There is something genuinely comforting about old photographs; sepia toned images of smiling grandparents and great aunts and uncles lounging about at home in colourful tie-dyed shirts and frayed bell-bottoms invite you to trot merrily down memory lane and romanticise the past.
If you’ve been through your daadi’s dusty old photo albums, you’ll realise that there are many faces you don’t recognise; some who passed away before you were born, or those who just lost touch with the family. “He’s my aunt’s cousin from Lucknow,” your daadi will tell you, pointing to an unfamiliar face in a picture, adding that she never saw him after Pakistan was created and she moved to Karachi. The partition split many families who ultimately lost touch, with some members choosing to start afresh in Pakistan and others staying back in India. But the UK-based founders of a social ancestry website, whosthedaadi.com (Daadi), seem to have created an interesting tool to bring long lost families back together.
“The aim is to help people reconnect with lost loved ones,” co-founder Saima Mir says about the venture. “Pakistanis and Indians have spread across the globe and many have lost touch with the people they grew up with. India and Pakistan are intrinsically connected with each other and in essence, are one family. I hope that Daadi can help us re-connect and find a way to heal the wounds of the last 65 years.”
“We’re a social ancestry-based website,” says Alex Street, Mir’s partner for Daadi, comparing it to the census-based ancestry website ancestry.com that is approaching 40 million users. “We use data from our users to construct family trees, so our model is different but the overriding headline demand to know ‘who we are’ and ‘where we’ve come’ from is the same. That’s what our users are telling us — they value the free tools we provide them and we’re focused on delivering what our users value.”
Street describes the duo as “geeks with creative eyes and business brains”. While Mir studied Biomedical Sciences at university and Engineering for her postgraduate degree, she ended up pursuing a career in journalism, working for the BBC and freelancing for The Guardian. Street has always worked in the media, web and technology space, but his academic background is creative as he studied Literature. He now splits his time between Daadi and a UK games development company called Chunk.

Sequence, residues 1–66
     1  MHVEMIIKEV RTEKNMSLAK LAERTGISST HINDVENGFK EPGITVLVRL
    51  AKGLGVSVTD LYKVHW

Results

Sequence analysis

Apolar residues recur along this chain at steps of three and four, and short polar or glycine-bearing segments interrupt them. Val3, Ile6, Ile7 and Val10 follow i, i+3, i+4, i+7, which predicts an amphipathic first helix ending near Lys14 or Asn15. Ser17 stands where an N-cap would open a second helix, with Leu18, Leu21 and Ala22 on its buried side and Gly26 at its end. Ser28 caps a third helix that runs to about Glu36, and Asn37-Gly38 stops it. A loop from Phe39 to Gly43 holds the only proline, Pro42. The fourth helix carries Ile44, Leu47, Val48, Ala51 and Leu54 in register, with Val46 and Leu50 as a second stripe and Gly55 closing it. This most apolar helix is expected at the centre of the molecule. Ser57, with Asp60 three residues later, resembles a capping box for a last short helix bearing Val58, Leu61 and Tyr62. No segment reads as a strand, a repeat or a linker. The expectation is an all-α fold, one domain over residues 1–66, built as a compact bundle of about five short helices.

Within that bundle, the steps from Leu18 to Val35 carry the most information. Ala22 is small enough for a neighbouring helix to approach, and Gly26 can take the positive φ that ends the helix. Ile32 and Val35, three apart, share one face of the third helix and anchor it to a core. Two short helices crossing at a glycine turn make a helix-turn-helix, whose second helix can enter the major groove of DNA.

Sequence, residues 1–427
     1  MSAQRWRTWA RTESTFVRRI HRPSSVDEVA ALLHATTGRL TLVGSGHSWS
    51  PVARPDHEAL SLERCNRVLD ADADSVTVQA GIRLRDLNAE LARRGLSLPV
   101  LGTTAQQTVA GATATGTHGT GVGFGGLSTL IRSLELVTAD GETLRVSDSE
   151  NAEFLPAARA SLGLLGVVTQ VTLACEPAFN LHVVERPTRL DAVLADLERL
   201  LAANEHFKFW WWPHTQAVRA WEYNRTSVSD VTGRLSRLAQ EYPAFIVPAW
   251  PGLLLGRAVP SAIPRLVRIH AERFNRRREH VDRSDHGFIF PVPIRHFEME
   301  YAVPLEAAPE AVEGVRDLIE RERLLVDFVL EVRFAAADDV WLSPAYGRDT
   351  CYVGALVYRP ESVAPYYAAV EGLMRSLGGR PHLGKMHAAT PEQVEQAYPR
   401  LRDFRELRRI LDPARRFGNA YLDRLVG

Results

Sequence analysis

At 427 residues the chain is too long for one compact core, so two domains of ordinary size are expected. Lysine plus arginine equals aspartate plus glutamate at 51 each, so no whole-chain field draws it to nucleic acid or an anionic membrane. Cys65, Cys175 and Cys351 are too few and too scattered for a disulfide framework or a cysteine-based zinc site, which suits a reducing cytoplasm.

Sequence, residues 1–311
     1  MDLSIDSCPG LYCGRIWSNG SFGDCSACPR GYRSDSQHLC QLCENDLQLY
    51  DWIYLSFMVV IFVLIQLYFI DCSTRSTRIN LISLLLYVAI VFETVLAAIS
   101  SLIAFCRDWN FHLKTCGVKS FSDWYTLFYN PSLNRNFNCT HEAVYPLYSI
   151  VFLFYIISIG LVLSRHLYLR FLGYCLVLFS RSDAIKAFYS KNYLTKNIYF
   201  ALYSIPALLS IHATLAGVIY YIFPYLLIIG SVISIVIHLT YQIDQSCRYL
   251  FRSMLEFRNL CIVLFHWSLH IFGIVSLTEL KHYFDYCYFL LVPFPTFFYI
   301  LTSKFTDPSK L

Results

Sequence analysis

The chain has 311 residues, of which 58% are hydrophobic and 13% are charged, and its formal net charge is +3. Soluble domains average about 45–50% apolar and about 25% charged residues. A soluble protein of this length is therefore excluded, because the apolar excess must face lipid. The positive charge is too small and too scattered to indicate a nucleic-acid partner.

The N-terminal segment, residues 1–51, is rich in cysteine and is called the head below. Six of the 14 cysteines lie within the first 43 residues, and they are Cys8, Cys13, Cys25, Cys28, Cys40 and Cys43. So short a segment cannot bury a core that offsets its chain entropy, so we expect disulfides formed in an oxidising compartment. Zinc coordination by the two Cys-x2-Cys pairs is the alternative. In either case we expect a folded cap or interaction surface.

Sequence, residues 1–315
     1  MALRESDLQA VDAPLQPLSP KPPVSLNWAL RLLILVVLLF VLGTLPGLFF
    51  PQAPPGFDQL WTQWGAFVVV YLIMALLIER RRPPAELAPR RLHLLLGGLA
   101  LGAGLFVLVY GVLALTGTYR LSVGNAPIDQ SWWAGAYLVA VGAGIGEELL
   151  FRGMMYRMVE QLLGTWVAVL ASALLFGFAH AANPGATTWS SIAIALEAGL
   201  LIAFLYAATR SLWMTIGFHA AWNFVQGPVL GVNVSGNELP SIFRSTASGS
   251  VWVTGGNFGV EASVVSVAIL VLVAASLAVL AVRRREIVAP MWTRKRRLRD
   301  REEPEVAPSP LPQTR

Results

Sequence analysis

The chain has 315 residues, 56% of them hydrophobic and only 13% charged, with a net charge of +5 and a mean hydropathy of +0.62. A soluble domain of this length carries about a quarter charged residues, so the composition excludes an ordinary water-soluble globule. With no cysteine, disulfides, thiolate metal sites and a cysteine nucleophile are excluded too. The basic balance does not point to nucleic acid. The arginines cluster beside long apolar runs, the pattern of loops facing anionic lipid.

Mir explains that as a child, she spent a lot of time with her grandmother in Karachi, “sitting on the lawn, eating fruit, and listening to her stories about her parents and grandparents”. When her grandmother developed Alzheimer’s and started to lose her memory, Mir says the reality struck that she was going to lose all that history; the names and places where her family comes from. “If you’re a Pakistani, it’s almost impossible [to trace ancestry] — especially if you live abroad. So, I came up with the idea of a wiki where people can upload their family trees, names, dates, places, pictures, audio memories, videos. Daadi will eventually become a searchable database and a permanent record of family.”
“Meeting Alex was a total fluke,” Mir adds, explaining that they connected through Twitter. “I built a castle in the air and he’s put a foundation underneath it — it’s brilliant!”
Hira Zahoor, the director of the oral history project at the Citizens Archive of Pakistan (CAP), feels that Daadi will help people from across the border develop deeper bonds. “I think it’s a great idea,” she says, explaining that her mother is from India and that strict visa restrictions make it difficult for her to visit her siblings there. “The power of social media and the virtual world is making it much easier to connect with people.” Zahoor points out that her mother is eager to connect with her relatives across the border via Skype and Facebook, and looks forward to wedding pictures that are uploaded by close family that she cannot meet. Mir’s dream for Daadi hopes to virtually bridge these geographical distances. “I want Daadi to become a mobile app that can be used at weddings and parties,” she says. “Pakistani weddings are such grand affairs and our families are so big that it can be difficult to remember who is related to who and how. A mobile app that lets you take a picture and attach it your family tree instantly will work brilliantly.”
Published in The Express Tribune, September 5th, 2012.
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